The Grand Gallery
As we follow the ascending passageway we come to the Grand Gallery, a
grand corbelled hall:
This first view was taken looking up toward the so-called King's or burial Chamber. At the base, between the ramps lies the passageway to the middle chamber. The second view was taken looking down from the end of the sloping gallery back toward the bottom.
At the south end of the Grand Gallery lies the passageway that leads to the antechamber and main chamber, the so-called King's or Burial chamber. The ladder in this picture leads up to a set of chambers known as the "relieving chambers". In a later installment of the CyberJourney new detailed pictures of the inside of these chambers will be added. These chambers appear not to have been meant to be entered, and it is speculated that they were included to relieve the pressure of the massive tonnage of rock above the main burial chamber. In modern times, these chambers were discovered by the crude act of using dynamite to create an intrusive passageway. The chambers are only a few feet high each. Evidence within the chambers supports that they were never meant to store anything or be entered. This evidence consists of the workman's red markings or graffiti that were painted on the building stones, usually just after they were cut, to inventory the stones and to help determine the final destination in the pyramid of each stone. After stones were laid and the pyramid was finished any of these markings that might be on visible surfaces would be scraped away clean. The presence of these unremoved markings in these chambers, with no other such markings found anywhere in the pyramid, suggests that these surfaces were never intended to been seen. Some of these markings even occur under where one rock rests upon another proving that they had to be painted before the stones were laid.
The passageway to the antechamber and the main chamber is straight ahead at the end of the ramp, in this photo, under the ladder.
Ascending up the walkway to the upper chamber, you first enter an antechamber lined with large grooves that once housed the large granite portcullis blocks that were lowered to seal off the main chamber:
The antechamber is subdivided into 2 sections:
The first picture shows the smaller north subdivision looking straight up. The second view shows the south subdivision, also looking straight upward. In this view, you can see both the grooves for the portcullis blocks (top and bottom of view) and the smaller grooves (left) for the ropes to lower the blocks.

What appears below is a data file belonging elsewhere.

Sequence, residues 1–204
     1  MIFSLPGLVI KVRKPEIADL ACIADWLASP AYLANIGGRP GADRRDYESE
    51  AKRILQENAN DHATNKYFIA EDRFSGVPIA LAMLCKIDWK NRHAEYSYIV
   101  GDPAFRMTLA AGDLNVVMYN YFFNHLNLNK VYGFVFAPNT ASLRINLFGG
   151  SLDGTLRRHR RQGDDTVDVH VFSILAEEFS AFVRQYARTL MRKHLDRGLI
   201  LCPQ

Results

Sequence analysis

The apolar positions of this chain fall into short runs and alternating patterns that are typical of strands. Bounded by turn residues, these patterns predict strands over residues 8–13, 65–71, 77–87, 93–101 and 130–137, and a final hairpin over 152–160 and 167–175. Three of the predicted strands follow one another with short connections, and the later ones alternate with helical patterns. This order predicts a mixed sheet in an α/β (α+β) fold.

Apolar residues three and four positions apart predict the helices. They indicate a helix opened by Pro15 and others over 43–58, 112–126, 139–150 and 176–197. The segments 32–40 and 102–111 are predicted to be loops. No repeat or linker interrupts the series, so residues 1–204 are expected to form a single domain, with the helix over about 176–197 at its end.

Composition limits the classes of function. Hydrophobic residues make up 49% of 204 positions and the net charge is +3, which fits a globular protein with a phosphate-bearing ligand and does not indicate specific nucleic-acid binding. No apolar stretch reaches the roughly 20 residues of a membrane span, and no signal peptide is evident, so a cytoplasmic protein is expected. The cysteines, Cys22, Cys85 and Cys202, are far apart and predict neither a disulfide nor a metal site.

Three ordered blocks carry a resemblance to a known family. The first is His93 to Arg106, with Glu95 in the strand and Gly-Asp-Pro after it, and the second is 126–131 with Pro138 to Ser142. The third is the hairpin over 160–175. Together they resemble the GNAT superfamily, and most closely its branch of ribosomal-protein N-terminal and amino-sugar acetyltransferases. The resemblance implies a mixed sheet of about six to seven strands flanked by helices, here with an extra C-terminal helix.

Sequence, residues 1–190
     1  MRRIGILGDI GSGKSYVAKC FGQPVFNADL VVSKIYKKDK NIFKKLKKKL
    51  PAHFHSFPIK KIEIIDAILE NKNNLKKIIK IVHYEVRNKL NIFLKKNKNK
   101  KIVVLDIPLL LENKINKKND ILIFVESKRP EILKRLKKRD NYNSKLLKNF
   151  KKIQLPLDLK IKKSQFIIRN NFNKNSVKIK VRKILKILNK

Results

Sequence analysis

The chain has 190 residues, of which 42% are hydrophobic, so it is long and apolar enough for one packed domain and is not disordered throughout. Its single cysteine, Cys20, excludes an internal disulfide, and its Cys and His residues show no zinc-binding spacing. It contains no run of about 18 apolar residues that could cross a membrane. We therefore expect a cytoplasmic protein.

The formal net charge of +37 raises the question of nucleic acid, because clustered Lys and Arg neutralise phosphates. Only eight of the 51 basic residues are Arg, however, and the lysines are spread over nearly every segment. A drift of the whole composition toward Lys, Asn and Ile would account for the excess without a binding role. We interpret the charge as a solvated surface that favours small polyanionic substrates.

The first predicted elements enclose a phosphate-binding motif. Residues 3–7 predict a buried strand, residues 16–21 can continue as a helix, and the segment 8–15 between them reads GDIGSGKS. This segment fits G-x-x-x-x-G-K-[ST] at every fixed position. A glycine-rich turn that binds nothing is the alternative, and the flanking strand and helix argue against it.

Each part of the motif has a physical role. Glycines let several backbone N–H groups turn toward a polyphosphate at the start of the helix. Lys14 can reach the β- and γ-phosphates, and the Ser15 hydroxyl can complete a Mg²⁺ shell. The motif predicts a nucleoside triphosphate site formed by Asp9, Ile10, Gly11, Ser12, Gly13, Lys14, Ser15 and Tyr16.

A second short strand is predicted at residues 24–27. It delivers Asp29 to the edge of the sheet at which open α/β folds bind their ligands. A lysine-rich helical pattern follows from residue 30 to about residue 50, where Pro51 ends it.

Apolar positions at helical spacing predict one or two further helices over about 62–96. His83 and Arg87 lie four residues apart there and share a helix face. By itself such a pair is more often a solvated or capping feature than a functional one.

The following two pictures of the south wall of the antechamber were
taken with a wide angle lens, the chamber is much narrower than it appears in these
The Main Chamber
Looking west inside the main chamber, now known as the King's Chamber, is the original coffer which was put into place before the ceiling was built onto this room. Over the centuries the coffer has been damaged as can be seen by the broken corner. Modern day lighting has been installed as well as surveillance equipment to monitor the chamber. The walls are conspicuously bare and uninscribed. Only in later pyramids would hieroglyphs adorn the walls of the inner chambers.
From the west wall looking east in this picture you can see scaffolding
that is used during periods of restoration to clean and restore the walls of the chamber.
The passageway leading into and out of the chamber is on the left at the east end of the
On the west edge of the coffer are the holes which were used to attach
the lid to the coffer. The lid is long gone and no traces of it have been found in modern
Also note the very small shafts on the north and south walls which lead out onto the surface of the pyramid, sometimes called the "air shafts". The south air shaft has been used to install a ventilation system to recirculate the air of the chamber which helps to alleviate moisture build-up and avoid stagnant and stale air accumulation. A new ventilation system has been installed since this photo was taken, during the most recent 1998 restoration. The other air shaft on the north wall remains open. The left view shows the chamber looking east without the scaffolding. You can see the entrance on the left corner.
The following pictures, with the scaffolding, show the north air shaft and the entrance more clearly:
Special thanks to Larry Orcutt
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Guardian's CyberJourney To Egypt